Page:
ALVAREZ et al v. TROPICANA HOTEL AND CASINO et al
OPINION. Signed by Judge Noel L. Hillman on 7/24/2017. (rtm, )
UNITED STATES DISTRICT COURT
DISTRICT OF NEW JERSEY
NORMA ALVAREZ and TIFFANY
CITY OF ATLANTIC CITY and
OFFICER JOSE GONZALEZ,
DAVID R. CASTELLANI
CASTELLANI LAW FIRM, LLC
450 TILTON ROAD
NORTHFIELD, NJ 08225
On behalf of Plaintiffs
MORRISON KENT FAIRBAIRN
MICHAEL A. ARMSTRONG & ASSOCIATES, LLC
79 MAINBRIDGE LANE
WILLINGBORO, NJ 08046
On behalf of Defendant City of Atlantic City
TRACY L. RILEY
RACHEL M. CONTE
LAW OFFICES OF RILEY & RILEY
100 HIGH STREET
MT. HOLLY, NJ 08060
On behalf of Defendant Officer Jose Gonzalez
HILLMAN, District Judge
This case involves claims of excessive force by an Atlantic
City police officer at an Atlantic City casino nightclub, and
claims of municipal liability against the City of Atlantic City
for having a policy and custom of condoning the use of excessive
Presently before the Court is the motion of the
individual police officer defendant for summary judgment in his
For the reasons expressed below, Defendant’s motion will
In the early morning hours of March 23, 2013, Plaintiff
Tiffany Baez and a group of female friends, including former
plaintiff Norma Alvarez who has now settled her claims with the
defendants, went to the Providence nightclub in the Tropicana
Hotel and Casino in Atlantic City, New Jersey.
An incident took
place in the women’s restroom between one of the members of
Baez’s group and the ladies’ room attendant. 1
As a result of
that incident, a Providence security guard and defendant Officer
Jose Gonzalez, an Atlantic City police officer who was working a
special detail at the nightclub, told the entire group to leave
The women left the club through the valet area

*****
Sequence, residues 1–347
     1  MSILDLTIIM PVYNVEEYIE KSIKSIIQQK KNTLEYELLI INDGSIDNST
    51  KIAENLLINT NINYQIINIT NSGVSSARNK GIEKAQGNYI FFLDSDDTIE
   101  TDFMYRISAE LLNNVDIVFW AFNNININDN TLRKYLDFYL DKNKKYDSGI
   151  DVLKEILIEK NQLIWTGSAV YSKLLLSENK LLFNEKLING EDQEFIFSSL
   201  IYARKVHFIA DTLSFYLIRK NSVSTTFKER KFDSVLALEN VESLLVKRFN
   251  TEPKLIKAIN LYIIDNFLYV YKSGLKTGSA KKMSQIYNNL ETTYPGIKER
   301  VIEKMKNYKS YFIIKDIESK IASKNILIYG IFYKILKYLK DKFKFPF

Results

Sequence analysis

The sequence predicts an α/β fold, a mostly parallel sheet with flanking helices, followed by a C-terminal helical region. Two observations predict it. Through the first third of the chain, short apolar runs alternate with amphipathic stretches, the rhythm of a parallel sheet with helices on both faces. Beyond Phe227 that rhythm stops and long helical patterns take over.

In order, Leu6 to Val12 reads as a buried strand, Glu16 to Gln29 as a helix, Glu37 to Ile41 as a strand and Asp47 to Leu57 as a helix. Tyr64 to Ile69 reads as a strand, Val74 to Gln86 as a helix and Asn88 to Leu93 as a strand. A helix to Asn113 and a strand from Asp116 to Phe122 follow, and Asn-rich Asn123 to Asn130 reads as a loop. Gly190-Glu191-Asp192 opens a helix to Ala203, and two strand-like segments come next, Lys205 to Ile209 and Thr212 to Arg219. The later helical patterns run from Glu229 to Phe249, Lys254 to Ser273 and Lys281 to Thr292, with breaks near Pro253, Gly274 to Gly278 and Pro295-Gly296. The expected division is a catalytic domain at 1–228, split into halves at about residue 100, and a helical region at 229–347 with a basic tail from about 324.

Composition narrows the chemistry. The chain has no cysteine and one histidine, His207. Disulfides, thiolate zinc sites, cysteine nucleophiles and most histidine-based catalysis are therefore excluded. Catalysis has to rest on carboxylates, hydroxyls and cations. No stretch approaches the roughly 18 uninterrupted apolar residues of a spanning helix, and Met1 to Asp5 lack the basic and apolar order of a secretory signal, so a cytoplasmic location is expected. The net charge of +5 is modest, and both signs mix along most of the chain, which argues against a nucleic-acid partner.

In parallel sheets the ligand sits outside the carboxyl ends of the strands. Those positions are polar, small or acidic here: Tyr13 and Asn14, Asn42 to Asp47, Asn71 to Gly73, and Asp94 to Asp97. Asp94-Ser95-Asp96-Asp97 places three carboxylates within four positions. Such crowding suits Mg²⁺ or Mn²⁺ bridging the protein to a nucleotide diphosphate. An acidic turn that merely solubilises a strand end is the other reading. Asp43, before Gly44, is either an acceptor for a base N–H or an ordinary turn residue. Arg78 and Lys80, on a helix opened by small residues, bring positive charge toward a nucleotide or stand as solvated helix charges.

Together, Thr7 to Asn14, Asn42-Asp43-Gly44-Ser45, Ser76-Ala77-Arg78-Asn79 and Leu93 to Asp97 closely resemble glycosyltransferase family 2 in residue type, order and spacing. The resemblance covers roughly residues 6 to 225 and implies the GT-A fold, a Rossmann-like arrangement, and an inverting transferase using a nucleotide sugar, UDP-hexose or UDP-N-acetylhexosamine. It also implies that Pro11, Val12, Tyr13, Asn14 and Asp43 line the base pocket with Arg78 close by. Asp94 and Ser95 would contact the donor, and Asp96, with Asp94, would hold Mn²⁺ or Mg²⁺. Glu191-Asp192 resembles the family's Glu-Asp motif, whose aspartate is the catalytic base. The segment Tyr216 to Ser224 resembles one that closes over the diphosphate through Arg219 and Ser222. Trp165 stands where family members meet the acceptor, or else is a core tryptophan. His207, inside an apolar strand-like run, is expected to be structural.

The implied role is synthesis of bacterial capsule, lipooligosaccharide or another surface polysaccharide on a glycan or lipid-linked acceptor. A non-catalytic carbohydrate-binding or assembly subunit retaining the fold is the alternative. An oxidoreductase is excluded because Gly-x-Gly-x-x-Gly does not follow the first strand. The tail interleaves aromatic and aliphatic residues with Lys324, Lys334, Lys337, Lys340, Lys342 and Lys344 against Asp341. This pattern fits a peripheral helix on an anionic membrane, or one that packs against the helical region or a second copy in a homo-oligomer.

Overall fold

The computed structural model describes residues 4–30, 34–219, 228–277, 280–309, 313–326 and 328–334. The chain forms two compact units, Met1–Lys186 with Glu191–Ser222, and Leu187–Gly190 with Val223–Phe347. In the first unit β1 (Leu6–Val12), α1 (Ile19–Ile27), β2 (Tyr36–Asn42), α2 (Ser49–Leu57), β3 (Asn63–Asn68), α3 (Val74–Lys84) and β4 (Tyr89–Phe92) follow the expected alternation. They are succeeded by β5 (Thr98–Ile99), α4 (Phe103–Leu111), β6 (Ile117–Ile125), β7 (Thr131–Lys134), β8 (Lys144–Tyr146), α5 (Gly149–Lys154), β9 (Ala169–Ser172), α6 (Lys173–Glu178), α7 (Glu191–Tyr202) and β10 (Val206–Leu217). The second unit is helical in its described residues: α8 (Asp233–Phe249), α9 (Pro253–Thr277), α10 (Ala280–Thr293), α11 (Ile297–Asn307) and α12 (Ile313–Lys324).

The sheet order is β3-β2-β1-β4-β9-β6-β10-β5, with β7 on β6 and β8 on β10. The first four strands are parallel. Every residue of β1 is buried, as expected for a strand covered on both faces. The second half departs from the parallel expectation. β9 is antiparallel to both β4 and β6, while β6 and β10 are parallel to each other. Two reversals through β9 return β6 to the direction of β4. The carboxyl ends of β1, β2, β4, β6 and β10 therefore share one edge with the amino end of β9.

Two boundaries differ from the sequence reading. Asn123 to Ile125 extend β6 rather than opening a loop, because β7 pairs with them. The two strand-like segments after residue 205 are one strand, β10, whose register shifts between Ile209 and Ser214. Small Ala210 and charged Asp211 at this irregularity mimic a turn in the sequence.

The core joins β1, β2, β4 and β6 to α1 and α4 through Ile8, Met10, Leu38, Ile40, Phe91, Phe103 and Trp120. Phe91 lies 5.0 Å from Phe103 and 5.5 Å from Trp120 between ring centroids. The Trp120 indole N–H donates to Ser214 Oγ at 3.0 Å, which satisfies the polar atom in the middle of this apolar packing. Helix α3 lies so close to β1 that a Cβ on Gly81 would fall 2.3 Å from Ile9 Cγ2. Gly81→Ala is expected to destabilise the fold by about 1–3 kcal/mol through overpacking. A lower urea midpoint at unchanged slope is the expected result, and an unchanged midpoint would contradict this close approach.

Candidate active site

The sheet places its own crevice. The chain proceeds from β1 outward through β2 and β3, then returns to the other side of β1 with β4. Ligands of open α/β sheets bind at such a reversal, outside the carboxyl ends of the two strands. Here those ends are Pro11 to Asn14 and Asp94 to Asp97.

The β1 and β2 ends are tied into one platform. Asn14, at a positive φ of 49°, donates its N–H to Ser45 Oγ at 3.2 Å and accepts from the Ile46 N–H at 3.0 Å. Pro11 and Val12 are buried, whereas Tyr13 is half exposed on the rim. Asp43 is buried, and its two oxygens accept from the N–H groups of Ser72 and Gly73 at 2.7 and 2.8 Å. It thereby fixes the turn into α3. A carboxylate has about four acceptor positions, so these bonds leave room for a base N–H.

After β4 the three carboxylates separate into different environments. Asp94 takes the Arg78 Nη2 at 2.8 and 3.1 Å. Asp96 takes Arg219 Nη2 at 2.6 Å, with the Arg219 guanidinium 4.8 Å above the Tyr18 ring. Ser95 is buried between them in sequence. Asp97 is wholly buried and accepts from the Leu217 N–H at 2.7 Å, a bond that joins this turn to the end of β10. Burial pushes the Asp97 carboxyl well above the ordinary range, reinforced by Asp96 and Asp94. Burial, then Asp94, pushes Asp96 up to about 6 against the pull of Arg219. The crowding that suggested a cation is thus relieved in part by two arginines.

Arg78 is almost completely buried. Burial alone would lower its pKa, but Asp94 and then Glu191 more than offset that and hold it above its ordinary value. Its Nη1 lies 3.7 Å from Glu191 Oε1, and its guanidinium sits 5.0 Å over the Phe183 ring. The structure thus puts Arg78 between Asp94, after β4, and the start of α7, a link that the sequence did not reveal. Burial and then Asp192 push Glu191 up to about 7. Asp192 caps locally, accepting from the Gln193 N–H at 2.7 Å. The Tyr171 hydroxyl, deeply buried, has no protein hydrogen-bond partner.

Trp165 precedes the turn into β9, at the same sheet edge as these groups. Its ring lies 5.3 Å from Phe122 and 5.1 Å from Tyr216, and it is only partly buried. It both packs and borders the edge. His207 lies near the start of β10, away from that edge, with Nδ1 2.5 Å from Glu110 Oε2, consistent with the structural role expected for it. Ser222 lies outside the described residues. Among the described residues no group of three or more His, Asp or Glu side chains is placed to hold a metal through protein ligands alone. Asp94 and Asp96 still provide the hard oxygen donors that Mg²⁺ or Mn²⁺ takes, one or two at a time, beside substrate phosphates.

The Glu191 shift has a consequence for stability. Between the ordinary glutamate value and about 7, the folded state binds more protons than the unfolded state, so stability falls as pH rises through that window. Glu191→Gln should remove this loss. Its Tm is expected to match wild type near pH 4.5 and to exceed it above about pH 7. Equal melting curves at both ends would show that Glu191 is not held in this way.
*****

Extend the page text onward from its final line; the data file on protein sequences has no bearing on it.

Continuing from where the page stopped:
without incident, and Baez asked Gonzalez how they could reenter
Defendant contends that one of the members of the group, but
not Baez or Alvarez, stole the money out of the attendant’s tip
A few minutes later, Baez and the rest of the group
returned to the Providence nightclub.
Those are the only relevant facts that the parties agree on
with regard to what occurred at the nightclub.
Baez claims that
her acquaintance, a Providence security guard named Nestor
stationed at the entrance, allowed Baez and the group to reenter
Baez claims that even though the group was talking
peacefully between themselves, and she had only consumed one or
two alcoholic drinks the entire night, within minutes Gonzalez
approached them to again escort them from the club.
music was so loud, Baez leaned into Gonzalez to tell him that
they were going to leave when suddenly and without provocation
Gonzalez pushed her and Alvarez into the crowd of people,
causing them to stumble backwards.
Baez further claims that Gonzalez hit her hand, and then
punched her directly in the face, causing her to fall to the
ground, where Gonzalez pounced on her with his knee on her back,
and continued to punch her numerous times in the face.
asserts that Gonzalez ripped her shirt tight to her neck,
popping the first button, in effect choking her.
handcuffed Baez while she was on the ground, and directed her to
a back room, where Baez claims that Gonzalez stated, “That’s
right bitch, you just got fucked by a cop.”
In contrast to Baez’s account, Gonzalez claims that the